Contemporary Poetry |5| Emily Berry

Emily Berry grew up in London. An Eric Gregory award winner in 2008, her debut poetry collection Dear Boy (Faber and Faber, 2013) won the Forward Prize for Best First Collection in 2013. She is currently working towards a PhD in Creative and Critical Writing at the University of East Anglia.

‘Distance’ and ‘closeness’—whether physical, emotional or temporal—were the two main themes that I took away from the poems collected in Dear Boy. Both of these subjects seem to preoccupy Berry, popping up in the majority of her poems in one way or another.

She tackles the subject of ‘distance’ most knowingly in the poems concerning her absent lover, particularly in Letter to Husband, Love Bird, and Zanzibar. In these poems Berry uses the structure to add extra significance, leaving spaces between the otherwise prosaic and fragmented sentences that speak of longing.

‘Closeness’ is dealt with in a very physical manner, both tenderly and firm. The poem A Short Guide to Corseting details how the female speaker is bound into smaller and smaller corsets, positing that:


Pain is the spine of life. It holds you up.

—A Short Guide to Corseting, Dear Boy

The poems Shriek, Sweet Arlene, and Arlene’s House are suggestive of a more sinister ‘closeness’, the somewhat monotonous way in which they read only adding to their nightmarish qualities.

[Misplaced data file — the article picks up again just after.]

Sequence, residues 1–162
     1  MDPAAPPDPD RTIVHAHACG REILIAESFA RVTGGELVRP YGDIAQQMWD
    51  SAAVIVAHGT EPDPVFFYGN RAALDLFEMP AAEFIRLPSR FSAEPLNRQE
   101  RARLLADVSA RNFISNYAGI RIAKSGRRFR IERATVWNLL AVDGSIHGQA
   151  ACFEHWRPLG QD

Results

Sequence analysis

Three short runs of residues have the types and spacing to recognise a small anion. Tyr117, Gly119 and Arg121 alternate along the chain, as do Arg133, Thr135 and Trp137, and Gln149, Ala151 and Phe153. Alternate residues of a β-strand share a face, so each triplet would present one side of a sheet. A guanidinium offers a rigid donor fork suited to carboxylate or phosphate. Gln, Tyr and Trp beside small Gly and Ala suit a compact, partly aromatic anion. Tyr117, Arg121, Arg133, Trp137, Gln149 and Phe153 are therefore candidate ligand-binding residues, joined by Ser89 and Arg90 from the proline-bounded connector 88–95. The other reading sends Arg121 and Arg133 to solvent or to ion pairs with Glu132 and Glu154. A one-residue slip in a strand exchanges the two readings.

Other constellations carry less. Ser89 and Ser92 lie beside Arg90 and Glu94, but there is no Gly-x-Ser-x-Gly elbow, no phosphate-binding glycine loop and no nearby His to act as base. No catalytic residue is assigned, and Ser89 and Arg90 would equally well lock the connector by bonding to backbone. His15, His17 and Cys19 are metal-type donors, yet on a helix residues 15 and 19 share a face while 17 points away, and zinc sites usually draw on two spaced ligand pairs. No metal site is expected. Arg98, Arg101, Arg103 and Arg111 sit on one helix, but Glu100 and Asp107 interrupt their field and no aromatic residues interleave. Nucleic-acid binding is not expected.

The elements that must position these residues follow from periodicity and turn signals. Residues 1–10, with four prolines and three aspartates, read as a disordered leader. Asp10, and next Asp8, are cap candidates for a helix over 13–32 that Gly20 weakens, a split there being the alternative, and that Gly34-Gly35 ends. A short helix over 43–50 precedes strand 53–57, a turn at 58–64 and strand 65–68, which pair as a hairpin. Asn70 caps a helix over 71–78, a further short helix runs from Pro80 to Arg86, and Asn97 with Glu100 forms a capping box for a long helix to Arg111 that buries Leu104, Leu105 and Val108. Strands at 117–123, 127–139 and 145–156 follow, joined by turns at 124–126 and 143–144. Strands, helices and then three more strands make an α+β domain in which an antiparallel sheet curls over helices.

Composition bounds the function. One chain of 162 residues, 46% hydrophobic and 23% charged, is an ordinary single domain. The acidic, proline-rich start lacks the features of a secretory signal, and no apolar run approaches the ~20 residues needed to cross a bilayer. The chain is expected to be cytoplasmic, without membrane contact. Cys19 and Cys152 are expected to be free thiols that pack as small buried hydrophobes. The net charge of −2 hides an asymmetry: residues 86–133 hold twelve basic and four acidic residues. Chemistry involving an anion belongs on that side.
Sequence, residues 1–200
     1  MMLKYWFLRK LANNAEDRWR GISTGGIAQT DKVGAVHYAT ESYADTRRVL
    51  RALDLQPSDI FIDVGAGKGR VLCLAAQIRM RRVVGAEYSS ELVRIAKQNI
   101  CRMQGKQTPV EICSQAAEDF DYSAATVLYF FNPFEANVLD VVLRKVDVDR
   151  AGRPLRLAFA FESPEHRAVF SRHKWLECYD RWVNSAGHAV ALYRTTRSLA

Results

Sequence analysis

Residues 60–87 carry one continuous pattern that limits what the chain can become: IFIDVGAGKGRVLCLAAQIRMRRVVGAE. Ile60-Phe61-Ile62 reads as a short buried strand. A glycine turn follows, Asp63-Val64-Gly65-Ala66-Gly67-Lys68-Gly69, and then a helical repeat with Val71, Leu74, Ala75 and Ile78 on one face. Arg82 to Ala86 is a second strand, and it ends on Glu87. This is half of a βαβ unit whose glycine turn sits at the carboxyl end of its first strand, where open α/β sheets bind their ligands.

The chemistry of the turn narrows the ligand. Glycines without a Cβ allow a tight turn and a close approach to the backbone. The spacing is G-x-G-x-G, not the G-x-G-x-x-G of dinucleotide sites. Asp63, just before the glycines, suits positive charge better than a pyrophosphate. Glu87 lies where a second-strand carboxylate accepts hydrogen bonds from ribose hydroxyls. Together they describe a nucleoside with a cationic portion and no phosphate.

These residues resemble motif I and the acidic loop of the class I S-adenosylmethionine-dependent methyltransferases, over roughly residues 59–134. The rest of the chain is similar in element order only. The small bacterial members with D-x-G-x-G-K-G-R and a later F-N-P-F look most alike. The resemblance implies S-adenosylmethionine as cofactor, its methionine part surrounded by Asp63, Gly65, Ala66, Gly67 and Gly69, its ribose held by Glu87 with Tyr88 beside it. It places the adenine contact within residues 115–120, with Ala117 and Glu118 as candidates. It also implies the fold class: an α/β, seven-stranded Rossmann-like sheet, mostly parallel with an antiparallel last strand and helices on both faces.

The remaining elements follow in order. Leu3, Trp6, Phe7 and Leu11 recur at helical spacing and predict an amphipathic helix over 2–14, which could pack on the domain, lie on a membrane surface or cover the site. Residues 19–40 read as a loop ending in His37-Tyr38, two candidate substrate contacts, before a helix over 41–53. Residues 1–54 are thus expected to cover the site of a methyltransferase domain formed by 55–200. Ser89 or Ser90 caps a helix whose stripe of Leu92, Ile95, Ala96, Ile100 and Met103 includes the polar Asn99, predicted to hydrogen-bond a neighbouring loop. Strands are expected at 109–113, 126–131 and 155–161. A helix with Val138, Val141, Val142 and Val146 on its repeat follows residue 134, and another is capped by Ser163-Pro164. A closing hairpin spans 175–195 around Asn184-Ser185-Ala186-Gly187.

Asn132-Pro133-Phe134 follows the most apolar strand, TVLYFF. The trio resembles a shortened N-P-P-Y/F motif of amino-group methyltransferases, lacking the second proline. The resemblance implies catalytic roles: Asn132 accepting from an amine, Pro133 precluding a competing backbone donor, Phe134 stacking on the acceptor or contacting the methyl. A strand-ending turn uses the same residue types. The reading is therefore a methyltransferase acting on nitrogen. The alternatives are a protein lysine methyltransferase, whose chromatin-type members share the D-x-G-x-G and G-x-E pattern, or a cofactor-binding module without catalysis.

Berry’s propensity for sentimentality is scattered throughout Dear Boy and only very rarely does it run the risk of becoming irritating. The abundance of sentimentality means that we are more taken aback when we come across poems that are in any way blunt. The most notable example of this is the poem Her Inheritance, which deals with the poet’s sorting through her deceased mother’s belongings.

Dear Boy contains poems that display humour (Our Love Could Spoil Dinner), heart (Everything She Does is Not Her Fault), insight (Nothing Sets My Heart Aflame) and plenty more. To have published her debut collection with Faber and Faber could be seen as both a blessing and a burden for Berry but given the quality present in Dear Boy there is every reason to believe that she is at the beginning of a long and successful poetry life. Get yourself a copy and join her on the journey.